3. Evaluate the condition of your items and research the market:
Now you have a list of items you want to sell. You need to evaluate the condition of your dolls and see what the going rate is. Take some time to really investigate the doll's condition. If she is NRFB you are not expected to remove her to do so but do what you can. The last thing you want is to go to ship her only to find a flaw that will undo your sale. Make note of what the doll comes with and whether it's all accounted for. I don't need to tell you but cigarette smell is a big deal breaker for many. If there is smoking allowed in the house then chances are your dolls will be affected. It isn't a crime but it is expected that you disclose it. With all of your information in hand, do a search of completed items on eBay or the boards to see what price you should be expecting. 

If the sale dolls are repaints then there are a few things to consider: the quality of the repaint, the artist, the type of body, any wear and tear. All of these factors go into figuring out how much to ask. If the repaint is a new acquisition you can sometimes get close to if not the same price you paid. If the repaint is older and in bad shape then you might get 1/3 to 1/2 of the value. If the repaint is older work but from someone who no longer repaints and has a great secondary market value, you might be in luck and even make some money. Again, research is necessary. If the doll doesn't have a COA then write the artist to ask if one was issued. (I might have issued 5 in the beginning but not since 2000 (I know, slacker)). Once the doll is sold, suggest the buyer write the artist for a replacement COA if necessary or to see if they can freshen up any problems or do a body switch for them (ask if there is an additional fee for these services).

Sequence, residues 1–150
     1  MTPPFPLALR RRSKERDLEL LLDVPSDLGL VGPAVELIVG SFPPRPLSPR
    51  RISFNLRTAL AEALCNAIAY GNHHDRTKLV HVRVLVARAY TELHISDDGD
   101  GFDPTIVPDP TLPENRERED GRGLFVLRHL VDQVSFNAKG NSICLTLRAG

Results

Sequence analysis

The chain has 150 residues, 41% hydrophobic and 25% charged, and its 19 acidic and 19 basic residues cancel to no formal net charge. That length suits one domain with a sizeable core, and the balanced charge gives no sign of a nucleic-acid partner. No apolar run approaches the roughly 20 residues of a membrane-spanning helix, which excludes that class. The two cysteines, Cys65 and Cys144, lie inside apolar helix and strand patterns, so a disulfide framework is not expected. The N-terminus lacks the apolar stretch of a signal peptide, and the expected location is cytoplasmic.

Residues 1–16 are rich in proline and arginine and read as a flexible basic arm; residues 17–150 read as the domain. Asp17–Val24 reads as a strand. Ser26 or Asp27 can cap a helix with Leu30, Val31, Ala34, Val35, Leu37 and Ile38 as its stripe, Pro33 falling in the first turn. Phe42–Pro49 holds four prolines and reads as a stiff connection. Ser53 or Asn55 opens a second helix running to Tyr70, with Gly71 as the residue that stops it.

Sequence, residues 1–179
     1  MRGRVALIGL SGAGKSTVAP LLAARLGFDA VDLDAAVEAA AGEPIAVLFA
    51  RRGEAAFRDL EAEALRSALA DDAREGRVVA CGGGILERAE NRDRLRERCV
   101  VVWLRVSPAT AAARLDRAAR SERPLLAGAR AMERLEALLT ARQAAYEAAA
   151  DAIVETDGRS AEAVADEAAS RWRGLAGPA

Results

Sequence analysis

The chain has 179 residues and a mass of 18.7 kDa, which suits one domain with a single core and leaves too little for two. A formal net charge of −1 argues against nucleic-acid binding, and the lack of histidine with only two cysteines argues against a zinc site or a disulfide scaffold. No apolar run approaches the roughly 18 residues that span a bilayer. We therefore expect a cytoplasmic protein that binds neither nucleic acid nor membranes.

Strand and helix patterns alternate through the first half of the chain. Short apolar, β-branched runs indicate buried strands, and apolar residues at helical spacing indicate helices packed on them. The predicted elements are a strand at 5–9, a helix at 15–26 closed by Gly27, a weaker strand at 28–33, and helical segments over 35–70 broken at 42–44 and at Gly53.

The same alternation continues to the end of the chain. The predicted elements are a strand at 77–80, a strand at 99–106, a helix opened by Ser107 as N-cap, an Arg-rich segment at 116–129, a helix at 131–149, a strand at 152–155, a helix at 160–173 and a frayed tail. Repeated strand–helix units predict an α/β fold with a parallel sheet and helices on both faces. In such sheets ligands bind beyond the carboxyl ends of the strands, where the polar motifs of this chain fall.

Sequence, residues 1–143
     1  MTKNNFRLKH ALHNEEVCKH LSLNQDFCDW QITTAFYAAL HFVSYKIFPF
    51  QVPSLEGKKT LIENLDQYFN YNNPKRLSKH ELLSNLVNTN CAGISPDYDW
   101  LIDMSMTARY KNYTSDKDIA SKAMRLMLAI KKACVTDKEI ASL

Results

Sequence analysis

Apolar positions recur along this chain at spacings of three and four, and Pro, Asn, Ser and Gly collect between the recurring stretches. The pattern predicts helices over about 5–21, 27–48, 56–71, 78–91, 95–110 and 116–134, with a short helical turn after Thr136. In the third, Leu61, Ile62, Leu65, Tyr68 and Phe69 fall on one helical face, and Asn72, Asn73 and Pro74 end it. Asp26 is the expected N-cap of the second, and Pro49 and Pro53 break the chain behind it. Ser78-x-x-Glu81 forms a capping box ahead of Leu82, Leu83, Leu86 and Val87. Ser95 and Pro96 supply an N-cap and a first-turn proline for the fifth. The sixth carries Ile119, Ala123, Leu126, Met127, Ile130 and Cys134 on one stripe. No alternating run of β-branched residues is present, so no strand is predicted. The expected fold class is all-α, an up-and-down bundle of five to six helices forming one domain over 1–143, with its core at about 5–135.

4. Organizing a sale: